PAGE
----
Even in a temperate zone like Portland, life would be pretty uncomfortable without some kind of heating system. For most Portland homeowners, heat typically comes from an HVAC system powered by electricity or natural gas.
In this post, we’ll focus on the ducts, a key component of the HVAC system. Ducts carry invisible rivers of air through the home, keeping its inhabitants comfortably cool in the summer and warm in the winter. Symptoms of poor duct performance are easy to identify. They include:
- Certain rooms in the house becoming difficult to heat or cool
- Stuffy rooms that never seem to feel comfortable
- Utility bills are especially high
- Home receives a low Home Energy Score
Now, we don’t want the last one to happen, so it’s best to address the first three symptoms of inefficient ducts before ordering your Home Energy Score Assessment. First, a little background info on ducts.
Components of the System
The HVAC system comprises the central unit where air is drawn in, heated or cooled, and pushed into the ducts; the thermostat which allows the user to tell the system what temperate to keep the home heated or cooled to, the ducts themselves, and finally the vents to individual rooms in the home. This post will focus on the ducts and vents of the HVAC system and how to get them performing optimally.
Although pressure is not a visible component of your HVAC duct system, it does play an important role in efficiency. Adding heated air to a room increases air pressure. Outside air pressure is lower, so heated air will naturally escape through any gaps or cracks in the building envelope to the outside. For this reason, many Portland homes are fitted with ducts that not only supply fresh air to each room, but also carry it away again through return ducts. These systems are more efficient because they allow the home to maintain a neutral pressure from room to room.
When return ducts take air out of a room to maintain neutral pressure; the heated air is carried back to a unit called an “air handler” so that it can be brought back up to temperature and recirculated.
HVAC pros use a tree analogy to describe the duct system in a building. You might hear your Home Energy Score Assessor use some of these terms as well. The first one is “trunk duct”, which is the main duct — usually rectangular and constructed from sheet metal — that carries air away from the HVAC unit parallel with the floor of the home. If you’ve ever seen a movie where someone crawls through the ductwork of a building, the trunk duct is similar— just smaller in width for the average home.
Branch ducts, usually round in shape, carry heated or cooled air to the individual rooms of a home. These ducts are big enough for a cat, but not a human, and constructed either of sheet metal or helical wire encapsulated in plastic. Another common type of duct is the fiberboard air duct. Fiberboard is made from fiberglass trapped in resin and compressed; these ducts are foil-faced on the outside.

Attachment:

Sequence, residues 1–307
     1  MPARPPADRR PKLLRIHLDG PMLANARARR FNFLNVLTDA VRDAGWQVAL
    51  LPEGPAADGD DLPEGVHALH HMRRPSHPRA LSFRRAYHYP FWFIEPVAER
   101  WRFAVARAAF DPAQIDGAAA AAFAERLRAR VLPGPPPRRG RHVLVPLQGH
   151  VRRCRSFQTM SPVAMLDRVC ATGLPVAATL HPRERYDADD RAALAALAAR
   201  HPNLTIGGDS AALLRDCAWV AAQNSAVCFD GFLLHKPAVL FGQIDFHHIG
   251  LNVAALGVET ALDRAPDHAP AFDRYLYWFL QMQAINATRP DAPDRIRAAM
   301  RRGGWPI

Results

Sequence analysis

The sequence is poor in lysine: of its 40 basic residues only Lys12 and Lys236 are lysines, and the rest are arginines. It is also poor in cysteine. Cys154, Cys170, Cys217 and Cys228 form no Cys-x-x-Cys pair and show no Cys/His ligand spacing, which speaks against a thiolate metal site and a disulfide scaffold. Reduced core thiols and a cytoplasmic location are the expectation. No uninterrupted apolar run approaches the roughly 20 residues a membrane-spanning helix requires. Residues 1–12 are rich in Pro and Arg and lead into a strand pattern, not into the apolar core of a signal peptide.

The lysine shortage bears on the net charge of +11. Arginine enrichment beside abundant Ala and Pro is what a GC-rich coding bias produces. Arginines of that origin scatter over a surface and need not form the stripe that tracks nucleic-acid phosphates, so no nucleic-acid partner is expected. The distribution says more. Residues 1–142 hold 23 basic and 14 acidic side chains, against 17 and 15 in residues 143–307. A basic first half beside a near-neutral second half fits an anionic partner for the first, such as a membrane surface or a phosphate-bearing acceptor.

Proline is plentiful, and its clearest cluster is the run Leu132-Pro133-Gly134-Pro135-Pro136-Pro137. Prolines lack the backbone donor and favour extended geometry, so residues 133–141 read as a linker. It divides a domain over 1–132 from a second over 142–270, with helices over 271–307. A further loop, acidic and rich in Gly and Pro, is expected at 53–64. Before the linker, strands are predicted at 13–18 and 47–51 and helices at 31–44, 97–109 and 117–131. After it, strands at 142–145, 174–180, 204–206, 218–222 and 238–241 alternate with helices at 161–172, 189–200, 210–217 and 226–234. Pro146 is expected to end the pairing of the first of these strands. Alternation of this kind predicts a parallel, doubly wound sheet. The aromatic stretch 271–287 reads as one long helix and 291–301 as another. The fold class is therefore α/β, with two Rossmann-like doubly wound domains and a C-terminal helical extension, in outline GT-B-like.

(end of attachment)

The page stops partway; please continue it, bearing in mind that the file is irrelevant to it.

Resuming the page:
Home energy score assessors in Portland don’t discriminate among duct types. Instead, they check for air flow and leakage in the ductwork itself. They also give points for well insulated ducts.
Before we discuss strategies for improving air duct efficiency, there’s one more component of the system to learn about: Vents
You might be thinking: What’s there to know about vents? After all, they are the component of the typical HVAC system most familiar to the average user. They the metal (or sometimes wood) grate covering the opening where the duct ends; most have “fins” that can be closed or opened to control air flow. Vents are found in the wall, floor, or ceiling.
There are two things to know about vents. First is that closing the fins doesn’t block all air flow out of the vent. If you really want to prevent a room from being heated or cooled, you’ll have to replace the vent with a piece of plywood. This works well in unused garages and basements. When it comes time to get your Home Energy Score, that space will no longer be considered part of the heated square footage of the home. However, closing off vents in other rooms of the home may throw off the pressure balance and won’t contribute to overall energy efficiency.
The second thing to know is that the gaps around vents can be contributing to air leaks if they’re not sealed off. This is especially true for ceiling vents that are below an uninsulated attic. To seal, remove the vent cover, apply a bead of silicon caulk, and replace.
Solve Ducting Problems, Improve your Home Energy Score
Now that you know the ins and outs of your ductwork, how can you alleviate some of the heating and cooling issues described at the beginning of this article? The U.S. Department of Energy estimates that 20 to 30 percent of the air that moves through the duct system is lost due to leaks, holes, and poorly connected ducts. Unfortunately, if these problems are in the branch ducts, there’s usually not much that can be done outside of a total system replacement because the ducts are buried in the walls.
However, inefficient ducts located in the basement or attic can easily be located and improved upon. Here are some tips.
- Check out our Portland DIY Guide on Duct Sealing and Insulation
- Check for air leaks around the home and seal them up to improve room pressurization and energy efficiency
- Don’t forget to attend to your entire HVAC system: Have routine maintenance done on the heating/cooling unit, be sure it has a fresh air filter, and update your thermostat to one that allows programming and/or smart home integration.
Remember, sealing and insulating your HVAC ducts is one of the top five ways to improve your home energy score before you schedule your appointment.